In A Farewell to Arms, Ernest Hemingway uses his idea of the code hero to introduce us to an amazing character. Hemingway takes his own ideas and conveys them through Frederic Henry. During World War I Frederic Henry proves to us that war and lost love can change a strong and willing man. Most men are not willing to change and Frederic Henry realized that in order for him to survive the many problems he was faced with, he would have to become a more mature man, love and solider.
Hemingway's code hero is portrayed in most every novel that Hemingway wrote. He takes his main character and makes him someone that is hard to change and even harder to make realize the situations around him. His code heroes are attractive, but not too attractive. They are very masculine and strong-minded. They stand for "what is right." The code hero always believes in doing his job completely and putting it first, no matter what. Hemingway's code hero consists of one very strong, willful man that is willing to do what he needs to do in order to get the job done.
The main focus of Frederic Henry as a code hero is serving to his greatest extent in the war (Hemingway, A Farewell to Arms 124). Fredric Henry was injured while in the war, but as soon as he was healed he went back to the front. Henry returns to the front because he believes in finishing something that he was involved with in the first place. These actions are heroic because although he wasn't forced to go back to the front he felt an obligation to the war. This reflects an aspect of Hemingway's code hero because Henry wasn't going to walk away and take the easy was out of the situation. "He was serving in a war and he gave absolute loyalty and as complete a performance as he could give while he was serving" (Hemingway, For Whom the Bell Tolls 136).
This was a performance for Jordan (the main character in For Whom the Bell Tolls) because he fel that since this was his job in the war, people might look on his actions for years to come. He wanted people to remember his good "performance." The code hero does not want to do anything that could affect what his orders are. Frederic especially wanted to do everything possible in the war that he could. "He must keep himself in good health in order to do his duty and serve in the war" (Hemingway, A Farewell to Arms 63). Although Hemingway tried to portray Henry as a well-established man, he sometimes is confused and not sure of what to do. "What Hemingway portrays, in fact, is a good, albeit a disappointed and disillusioned, man trying to fulfill his various obligations" (Nolan 271).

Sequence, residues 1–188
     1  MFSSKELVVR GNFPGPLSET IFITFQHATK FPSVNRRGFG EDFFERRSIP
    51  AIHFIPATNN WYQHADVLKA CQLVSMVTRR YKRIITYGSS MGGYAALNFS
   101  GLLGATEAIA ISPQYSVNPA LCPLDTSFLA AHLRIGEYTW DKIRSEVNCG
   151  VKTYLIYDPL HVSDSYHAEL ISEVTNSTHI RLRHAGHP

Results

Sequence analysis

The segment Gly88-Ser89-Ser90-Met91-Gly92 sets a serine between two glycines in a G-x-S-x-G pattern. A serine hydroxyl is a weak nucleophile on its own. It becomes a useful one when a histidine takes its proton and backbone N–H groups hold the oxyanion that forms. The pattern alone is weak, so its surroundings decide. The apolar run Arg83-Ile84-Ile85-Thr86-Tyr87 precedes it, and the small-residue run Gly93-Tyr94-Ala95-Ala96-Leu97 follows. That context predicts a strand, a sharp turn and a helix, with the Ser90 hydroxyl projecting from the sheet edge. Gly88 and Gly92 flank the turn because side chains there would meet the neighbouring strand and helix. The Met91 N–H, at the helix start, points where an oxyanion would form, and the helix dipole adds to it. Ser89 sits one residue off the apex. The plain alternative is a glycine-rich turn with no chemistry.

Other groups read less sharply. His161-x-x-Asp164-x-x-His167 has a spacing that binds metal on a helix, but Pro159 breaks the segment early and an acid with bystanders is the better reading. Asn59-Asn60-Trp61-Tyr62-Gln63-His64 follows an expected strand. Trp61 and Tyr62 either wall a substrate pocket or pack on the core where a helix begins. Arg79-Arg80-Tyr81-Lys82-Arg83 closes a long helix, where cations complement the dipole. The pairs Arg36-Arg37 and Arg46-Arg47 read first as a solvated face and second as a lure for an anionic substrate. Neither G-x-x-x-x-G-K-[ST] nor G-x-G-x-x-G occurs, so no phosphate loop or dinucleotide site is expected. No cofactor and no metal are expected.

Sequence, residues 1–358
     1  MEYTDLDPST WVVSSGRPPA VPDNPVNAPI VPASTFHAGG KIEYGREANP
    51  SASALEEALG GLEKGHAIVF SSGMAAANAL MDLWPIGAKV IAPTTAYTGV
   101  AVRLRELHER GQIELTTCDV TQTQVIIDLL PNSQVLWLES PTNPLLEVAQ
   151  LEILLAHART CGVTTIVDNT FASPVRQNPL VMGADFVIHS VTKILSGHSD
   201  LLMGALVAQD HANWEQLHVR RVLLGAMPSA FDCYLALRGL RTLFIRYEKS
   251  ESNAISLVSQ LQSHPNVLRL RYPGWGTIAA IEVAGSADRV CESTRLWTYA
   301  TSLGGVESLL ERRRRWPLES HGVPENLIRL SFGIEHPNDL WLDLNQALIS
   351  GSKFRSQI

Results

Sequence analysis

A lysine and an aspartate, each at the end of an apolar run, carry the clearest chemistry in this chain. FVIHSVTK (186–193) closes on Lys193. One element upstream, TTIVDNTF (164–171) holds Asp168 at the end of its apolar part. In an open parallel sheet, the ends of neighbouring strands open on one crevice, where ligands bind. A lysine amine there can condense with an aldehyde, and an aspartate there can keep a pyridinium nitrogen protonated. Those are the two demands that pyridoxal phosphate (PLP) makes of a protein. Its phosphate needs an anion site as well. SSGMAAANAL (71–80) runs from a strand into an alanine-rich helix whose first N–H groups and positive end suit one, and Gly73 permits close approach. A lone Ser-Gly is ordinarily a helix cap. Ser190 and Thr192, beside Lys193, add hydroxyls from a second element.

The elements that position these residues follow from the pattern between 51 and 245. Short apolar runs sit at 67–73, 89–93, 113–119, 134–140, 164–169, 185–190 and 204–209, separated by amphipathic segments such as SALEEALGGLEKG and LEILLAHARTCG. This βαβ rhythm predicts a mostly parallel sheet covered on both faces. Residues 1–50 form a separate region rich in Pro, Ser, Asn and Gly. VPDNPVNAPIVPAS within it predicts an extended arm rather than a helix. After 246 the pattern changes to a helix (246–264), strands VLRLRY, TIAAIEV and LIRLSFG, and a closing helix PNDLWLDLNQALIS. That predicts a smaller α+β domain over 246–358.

He is trying to make his relationship last since he is in love and he is also trying to take care of his duty's in the war. Although the story is told through first-person narration, we know that Frederic is a clean-shaven man who is tall in stature and although he is not handsome, he is attractive which makes him fit into Hemingway's code hero. He shows us that he is a strong man and you realize this by everything he has to go through during his time of service. He is a strong man by fighting for a country that isn't even is. By fighting for another country he is trying to discover himself and he wants from life. He is trying to discover what he truly wants.
Even though he is a strong and prideful man, he realizes when he has done something wrong. He even, at times, feels guilt and remorse for his bad actions. Frederic shows us that he is a man of honor and he will keep his commitments to the government as long as the war is going on. Although he is an authoritative character he does not like to abuse his official standings as a Lieutenant. "To avoid having to take drastic action, Henry goes well beyond what is required of him as an officer" (Nolan 272). By not shooting the sergeants at first he gives them a few chances and then he takes action properly according to military law.
Henry falls in love during this time of war and despair. The woman he falls in love with is Catherine Barkley and she is an important asset to the character of Frederic himself. By showing us how much Frederic cares for Catherine it makes readers realize what a caring person he is. By promising Catherine his life after the war, the love between the two is brought to reality. He never loved anyone before Catherine came along, but now she has his heart in her hands (Hemingway, A Farewell to Arms 99). Frederic grows a lot throughout the novel.
In the beginning he starts off as a self-conscious narrator. "After this beginning, the narrative traces Frederic's gradual change from a callow, unreflective, self-centered youth to a mature man who both learns and faces up to the inevitably destructive nature of his world, as he first attempts to construct an alternate world with Catherine and then loses her to forces which decree such alternatives impossible" (Phelan, "Narrative Discourse... ." 139). He goes through many changes and hardships that change his outlooks and his personality. "Frederic works through unstable relations with the war, with Catherine and the world and this makes him progress as a person" (Phelan, "The Concept of Voice... ." 229).